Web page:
necessary to the emancipation of the working class and to the true happiness of all classes and that its historic mission is that of a conquering movement. We know that day by day, nourished by the misery and vitalized by the aspirations of the working class, the area of its activity widens, it grows in strength and increases its mental and moral grasp, and when the final hour of capitalism and wage slavery strikes, the Socialist movement, the greatest in all history--great enough to embrace the human race will crown the class struggles of the centuries with victory and proclaim FREEDOM TO ALL MANKIND.
The labor question, as it is called, has come to be recognized as the foremost of our time. In some form it thrusts itself into every human relation, and directly or indirectly has a part in every controversy.
A thousand "solutions" of the labor question find their way into print, but the question not only remains unsolved, but steadily assumes greater and graver proportions. The nostrums have no effect other than to prove their own inefficacy.
There has always been a labor question since man first exploited man in the struggle for existence, but not until its true meaning was revealed in the development of modern industry did it command serious thought or intelligent consideration, and only then came any adequate conception of its importance to the race.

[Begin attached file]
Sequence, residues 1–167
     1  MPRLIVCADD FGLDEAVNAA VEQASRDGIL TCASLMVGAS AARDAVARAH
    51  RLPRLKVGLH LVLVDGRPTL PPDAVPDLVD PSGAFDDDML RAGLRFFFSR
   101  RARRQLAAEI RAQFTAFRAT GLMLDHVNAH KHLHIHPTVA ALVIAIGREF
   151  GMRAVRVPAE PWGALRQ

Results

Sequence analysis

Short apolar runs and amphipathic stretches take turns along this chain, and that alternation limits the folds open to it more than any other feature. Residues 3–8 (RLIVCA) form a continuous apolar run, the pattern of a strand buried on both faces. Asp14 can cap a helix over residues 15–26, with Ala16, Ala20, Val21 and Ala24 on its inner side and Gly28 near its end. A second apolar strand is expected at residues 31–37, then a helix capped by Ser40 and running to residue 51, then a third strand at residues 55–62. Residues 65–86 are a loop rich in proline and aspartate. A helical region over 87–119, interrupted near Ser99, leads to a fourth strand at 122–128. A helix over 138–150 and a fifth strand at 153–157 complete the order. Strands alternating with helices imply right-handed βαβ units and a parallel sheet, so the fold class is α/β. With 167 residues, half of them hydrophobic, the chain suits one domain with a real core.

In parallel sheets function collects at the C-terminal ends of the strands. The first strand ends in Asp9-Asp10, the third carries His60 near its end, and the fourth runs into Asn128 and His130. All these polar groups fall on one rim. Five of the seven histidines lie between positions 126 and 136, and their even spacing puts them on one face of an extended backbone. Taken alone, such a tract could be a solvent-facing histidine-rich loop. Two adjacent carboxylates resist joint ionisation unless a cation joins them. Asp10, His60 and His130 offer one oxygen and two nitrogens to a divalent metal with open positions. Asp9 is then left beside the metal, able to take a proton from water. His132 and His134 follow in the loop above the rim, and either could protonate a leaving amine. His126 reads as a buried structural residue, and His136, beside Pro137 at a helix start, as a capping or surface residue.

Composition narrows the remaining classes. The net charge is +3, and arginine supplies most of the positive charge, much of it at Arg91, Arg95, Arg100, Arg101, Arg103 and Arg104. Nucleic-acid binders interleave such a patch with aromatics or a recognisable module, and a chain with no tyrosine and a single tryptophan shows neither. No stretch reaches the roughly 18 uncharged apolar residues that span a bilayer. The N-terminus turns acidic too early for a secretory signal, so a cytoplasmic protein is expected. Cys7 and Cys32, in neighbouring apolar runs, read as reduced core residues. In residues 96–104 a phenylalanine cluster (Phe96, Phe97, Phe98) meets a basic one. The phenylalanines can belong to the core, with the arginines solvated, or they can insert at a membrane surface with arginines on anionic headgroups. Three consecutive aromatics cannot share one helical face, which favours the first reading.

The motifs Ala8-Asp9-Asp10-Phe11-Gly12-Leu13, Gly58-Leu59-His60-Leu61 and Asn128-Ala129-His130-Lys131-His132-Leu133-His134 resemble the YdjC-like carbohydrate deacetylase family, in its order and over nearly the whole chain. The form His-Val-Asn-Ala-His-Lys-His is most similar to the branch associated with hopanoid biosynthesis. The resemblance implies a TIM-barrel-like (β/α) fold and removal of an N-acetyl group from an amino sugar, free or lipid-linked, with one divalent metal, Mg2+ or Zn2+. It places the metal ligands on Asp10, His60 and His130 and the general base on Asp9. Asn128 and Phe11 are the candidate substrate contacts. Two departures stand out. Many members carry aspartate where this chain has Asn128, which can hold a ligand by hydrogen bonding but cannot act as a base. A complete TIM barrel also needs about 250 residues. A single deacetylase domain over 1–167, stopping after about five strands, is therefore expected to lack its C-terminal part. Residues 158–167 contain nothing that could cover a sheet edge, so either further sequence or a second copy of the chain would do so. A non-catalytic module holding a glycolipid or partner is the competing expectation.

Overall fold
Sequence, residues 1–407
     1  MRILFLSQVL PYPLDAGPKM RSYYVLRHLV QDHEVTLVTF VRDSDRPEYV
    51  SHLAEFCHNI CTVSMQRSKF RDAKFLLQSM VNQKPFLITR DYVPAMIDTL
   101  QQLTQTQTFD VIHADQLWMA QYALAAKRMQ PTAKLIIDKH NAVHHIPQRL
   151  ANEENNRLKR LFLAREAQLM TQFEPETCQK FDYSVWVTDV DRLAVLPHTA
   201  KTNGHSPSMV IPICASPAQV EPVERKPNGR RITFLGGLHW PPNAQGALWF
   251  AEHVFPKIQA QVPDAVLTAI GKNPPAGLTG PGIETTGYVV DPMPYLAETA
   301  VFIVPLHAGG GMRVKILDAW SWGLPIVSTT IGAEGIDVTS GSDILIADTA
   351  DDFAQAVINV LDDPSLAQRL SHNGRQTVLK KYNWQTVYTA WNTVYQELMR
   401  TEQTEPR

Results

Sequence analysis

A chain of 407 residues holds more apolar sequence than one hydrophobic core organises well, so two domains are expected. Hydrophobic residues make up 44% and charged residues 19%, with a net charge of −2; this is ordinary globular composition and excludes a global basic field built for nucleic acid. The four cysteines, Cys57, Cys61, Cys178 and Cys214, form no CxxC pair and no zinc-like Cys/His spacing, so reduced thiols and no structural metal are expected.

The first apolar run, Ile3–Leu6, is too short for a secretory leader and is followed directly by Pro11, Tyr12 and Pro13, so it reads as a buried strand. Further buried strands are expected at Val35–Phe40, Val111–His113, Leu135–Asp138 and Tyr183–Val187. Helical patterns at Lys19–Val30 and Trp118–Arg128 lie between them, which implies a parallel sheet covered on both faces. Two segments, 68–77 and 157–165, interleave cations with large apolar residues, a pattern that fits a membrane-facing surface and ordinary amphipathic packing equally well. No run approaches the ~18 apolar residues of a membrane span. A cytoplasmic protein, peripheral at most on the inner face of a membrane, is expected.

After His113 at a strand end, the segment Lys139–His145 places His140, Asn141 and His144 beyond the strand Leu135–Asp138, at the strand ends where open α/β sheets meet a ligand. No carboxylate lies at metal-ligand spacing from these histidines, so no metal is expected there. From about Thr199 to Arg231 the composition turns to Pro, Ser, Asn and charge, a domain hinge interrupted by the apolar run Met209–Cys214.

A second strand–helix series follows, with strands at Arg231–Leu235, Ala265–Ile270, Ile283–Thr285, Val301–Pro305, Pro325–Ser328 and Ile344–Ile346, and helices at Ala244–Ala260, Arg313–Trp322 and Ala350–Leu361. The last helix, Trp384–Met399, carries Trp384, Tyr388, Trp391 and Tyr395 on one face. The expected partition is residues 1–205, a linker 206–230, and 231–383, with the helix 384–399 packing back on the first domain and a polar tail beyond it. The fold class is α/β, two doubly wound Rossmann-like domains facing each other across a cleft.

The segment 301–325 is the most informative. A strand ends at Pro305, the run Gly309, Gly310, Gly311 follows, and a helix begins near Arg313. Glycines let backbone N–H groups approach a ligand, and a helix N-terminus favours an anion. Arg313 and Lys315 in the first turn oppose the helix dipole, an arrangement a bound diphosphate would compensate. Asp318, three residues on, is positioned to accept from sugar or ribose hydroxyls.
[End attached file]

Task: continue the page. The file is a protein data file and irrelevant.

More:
Man has always sought the mastery of his fellow-man. To enslave his fellow in some form and to live out of his labor has been the mainspring of human action.
To escape submission, not in freedom, but in mastery over others, has been the controlling desire, and this has filled the world with slavery and crime.
In all the ages of the past, human society has been organized and maintained upon the basis of the exploitation and degradation of those who toil. And so it is today.
The chief end of government has been and is to keep the victims of oppression and injustice in subjection.
The men and women who toil and produce have been and are____________________